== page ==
David Spares Saul Again (1 Samuel 26) November 13
This is the second time the Ziphites attempt to deliver David into the hands of Saul. Saul's respect for David's knowledge of battle is evident as he takes 3,000 soldiers with him in his pursuit of David and his 600 men. After a 25-mile march south, from Gibeah to the wilderness of Ziph, where David is hiding, Saul and his troops make camp. It is here that God directly intervenes for David. Abishai, David's nephew (1 Chronicles 2:16), volunteers for what seems an extremely dangerous plan. In any given troop deployment, there are always sentinels who stand watch over an encampment. From 1 Samuel 26:12, we find that God causes a deep sleep to come on Saul and his troops, allowing David and Abishai unrestricted access to the campsite. As David has constantly been on the run from Saul, fearing for his life, this miracle no doubt greatly encourages David. But we should also observe that he resists the natural inclination to read it as license to take matters into his own hands.
As these scriptures are intended for examples (1 Corinthians 10:11), let's pause here for a self-evaluation of this incident. Would we have acted as Abishai, and assumed that the intent of God was to have Saul killed? Or would we have thought like David, a man who made many mistakes yet who is referred to as "a man after God's own heart"? It is important for us to ask the question in light of any given situation, What is God's will? David knows that Saul is king over Israel by God's direct decree, and he feels strongly that it will be God's hand that will remove him.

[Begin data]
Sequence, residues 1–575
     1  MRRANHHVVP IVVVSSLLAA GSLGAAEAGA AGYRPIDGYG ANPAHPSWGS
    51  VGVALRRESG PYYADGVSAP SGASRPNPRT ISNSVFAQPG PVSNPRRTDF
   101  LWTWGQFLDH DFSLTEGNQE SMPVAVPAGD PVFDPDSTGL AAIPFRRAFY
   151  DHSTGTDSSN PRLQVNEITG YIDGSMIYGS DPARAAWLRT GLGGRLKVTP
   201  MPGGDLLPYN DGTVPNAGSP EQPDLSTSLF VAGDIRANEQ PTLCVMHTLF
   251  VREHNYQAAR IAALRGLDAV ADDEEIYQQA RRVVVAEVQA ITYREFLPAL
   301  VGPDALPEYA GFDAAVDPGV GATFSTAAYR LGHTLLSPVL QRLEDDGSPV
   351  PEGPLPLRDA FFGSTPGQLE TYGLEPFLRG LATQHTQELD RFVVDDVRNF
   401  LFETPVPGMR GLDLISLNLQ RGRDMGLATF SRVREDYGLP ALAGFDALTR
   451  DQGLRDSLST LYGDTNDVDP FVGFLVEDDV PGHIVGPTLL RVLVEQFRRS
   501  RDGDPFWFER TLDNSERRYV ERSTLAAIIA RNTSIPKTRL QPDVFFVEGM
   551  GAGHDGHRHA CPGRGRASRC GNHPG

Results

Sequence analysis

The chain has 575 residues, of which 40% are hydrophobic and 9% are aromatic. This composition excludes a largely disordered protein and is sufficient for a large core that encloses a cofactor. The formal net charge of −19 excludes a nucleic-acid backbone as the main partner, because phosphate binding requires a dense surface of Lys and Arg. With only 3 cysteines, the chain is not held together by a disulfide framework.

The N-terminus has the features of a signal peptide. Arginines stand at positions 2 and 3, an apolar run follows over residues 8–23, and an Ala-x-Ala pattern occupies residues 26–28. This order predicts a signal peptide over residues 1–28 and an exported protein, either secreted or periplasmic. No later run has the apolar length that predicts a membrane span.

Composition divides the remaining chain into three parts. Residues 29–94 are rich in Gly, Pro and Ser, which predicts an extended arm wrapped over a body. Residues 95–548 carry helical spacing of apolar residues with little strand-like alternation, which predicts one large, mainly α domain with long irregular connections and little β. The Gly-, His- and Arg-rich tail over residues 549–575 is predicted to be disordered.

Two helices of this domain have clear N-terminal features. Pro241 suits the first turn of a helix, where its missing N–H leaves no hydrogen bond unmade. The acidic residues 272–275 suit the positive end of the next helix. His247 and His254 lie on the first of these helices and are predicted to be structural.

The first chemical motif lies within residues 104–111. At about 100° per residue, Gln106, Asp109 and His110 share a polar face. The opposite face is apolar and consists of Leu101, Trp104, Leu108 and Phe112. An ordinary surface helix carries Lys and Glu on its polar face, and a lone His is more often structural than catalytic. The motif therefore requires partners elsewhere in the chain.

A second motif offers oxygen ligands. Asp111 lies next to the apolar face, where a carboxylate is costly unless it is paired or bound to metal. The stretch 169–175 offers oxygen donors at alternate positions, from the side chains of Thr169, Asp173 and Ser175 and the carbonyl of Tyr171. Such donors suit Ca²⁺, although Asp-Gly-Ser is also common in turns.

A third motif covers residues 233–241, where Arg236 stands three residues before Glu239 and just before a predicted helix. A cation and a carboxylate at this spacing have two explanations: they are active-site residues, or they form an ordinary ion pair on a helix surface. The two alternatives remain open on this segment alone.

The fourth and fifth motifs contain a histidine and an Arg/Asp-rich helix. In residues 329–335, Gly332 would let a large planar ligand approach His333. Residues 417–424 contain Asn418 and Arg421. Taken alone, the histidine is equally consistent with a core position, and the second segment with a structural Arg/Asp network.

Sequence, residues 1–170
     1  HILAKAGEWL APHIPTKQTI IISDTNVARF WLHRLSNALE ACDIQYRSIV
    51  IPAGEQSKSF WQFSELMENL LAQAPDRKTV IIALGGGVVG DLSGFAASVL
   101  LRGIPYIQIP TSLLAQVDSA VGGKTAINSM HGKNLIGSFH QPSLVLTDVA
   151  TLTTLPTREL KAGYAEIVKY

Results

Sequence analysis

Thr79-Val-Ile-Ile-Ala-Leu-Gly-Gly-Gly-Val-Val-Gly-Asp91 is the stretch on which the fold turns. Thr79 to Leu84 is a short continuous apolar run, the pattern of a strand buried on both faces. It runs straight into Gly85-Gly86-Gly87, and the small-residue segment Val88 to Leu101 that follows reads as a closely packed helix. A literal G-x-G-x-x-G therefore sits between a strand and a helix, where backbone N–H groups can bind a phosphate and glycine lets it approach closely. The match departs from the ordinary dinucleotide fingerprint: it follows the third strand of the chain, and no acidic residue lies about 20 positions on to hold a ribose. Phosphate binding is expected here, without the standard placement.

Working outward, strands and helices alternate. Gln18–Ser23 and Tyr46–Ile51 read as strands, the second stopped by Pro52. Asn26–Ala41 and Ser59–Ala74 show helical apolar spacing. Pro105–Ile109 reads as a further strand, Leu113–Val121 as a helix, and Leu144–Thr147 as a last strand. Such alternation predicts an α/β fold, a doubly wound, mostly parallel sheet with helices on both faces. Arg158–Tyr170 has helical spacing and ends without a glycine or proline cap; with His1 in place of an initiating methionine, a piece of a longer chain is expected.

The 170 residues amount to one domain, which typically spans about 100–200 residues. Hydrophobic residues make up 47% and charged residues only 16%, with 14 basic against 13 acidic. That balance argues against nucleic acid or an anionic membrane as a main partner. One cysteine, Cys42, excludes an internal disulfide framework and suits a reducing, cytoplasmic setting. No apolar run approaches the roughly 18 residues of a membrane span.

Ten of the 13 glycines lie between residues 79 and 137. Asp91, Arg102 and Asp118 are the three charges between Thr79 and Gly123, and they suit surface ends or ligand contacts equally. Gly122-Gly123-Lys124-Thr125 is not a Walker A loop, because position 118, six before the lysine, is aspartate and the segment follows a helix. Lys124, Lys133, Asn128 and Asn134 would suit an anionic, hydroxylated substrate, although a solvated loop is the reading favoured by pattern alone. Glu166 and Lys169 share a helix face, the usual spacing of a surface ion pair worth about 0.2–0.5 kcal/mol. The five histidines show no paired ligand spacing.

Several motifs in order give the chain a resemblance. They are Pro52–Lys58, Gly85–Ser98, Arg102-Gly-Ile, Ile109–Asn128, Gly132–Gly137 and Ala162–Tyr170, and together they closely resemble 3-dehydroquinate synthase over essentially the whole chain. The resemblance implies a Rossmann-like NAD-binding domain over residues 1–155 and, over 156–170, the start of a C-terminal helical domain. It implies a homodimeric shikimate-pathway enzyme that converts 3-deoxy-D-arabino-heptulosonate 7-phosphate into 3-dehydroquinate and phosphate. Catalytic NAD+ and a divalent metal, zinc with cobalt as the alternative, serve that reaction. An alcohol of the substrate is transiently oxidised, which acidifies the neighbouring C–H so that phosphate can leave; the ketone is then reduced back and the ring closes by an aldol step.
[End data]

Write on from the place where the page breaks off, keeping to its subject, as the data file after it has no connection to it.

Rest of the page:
Indeed, Acts 13 says: "And afterward they asked for a king; so GOD gave them Saul the son of Kish, a man of the tribe of Benjamin, for forty years. And when HE had removed him, HE raised up for them David as king, to whom also He gave testimony and said, 'I have found David the son of Jesse, a man after My own heart, who will do all My will'" (verses 21-22).
So David does not take Saul's life, but he does take his spear and his canteensymbolic of Saul's strength and sustenanceas proof of his venture. After returning safely from the campsite, David chastises Abner (captain of the guard and the one ultimately responsible for Saul's safety). This embarrassment may be instrumental in Abner's temporary refusal to acknowledge David as king after Saul's death.
But David's humility ("...for the king of Israel has come out to seek a flea," 1 Samuel 26:20) causes Saul to acknowledge his foolishness, at least for the time being. David still keeps his distance as he knows that Saul has a habit of quickly changing his mind and attitude. Though not yet written, we find here, in principle, Christ's admonition of Matthew 10:16 in use: "Be wise as serpents and harmless as doves."
After this incident, it appears that David and Saul never see each other again.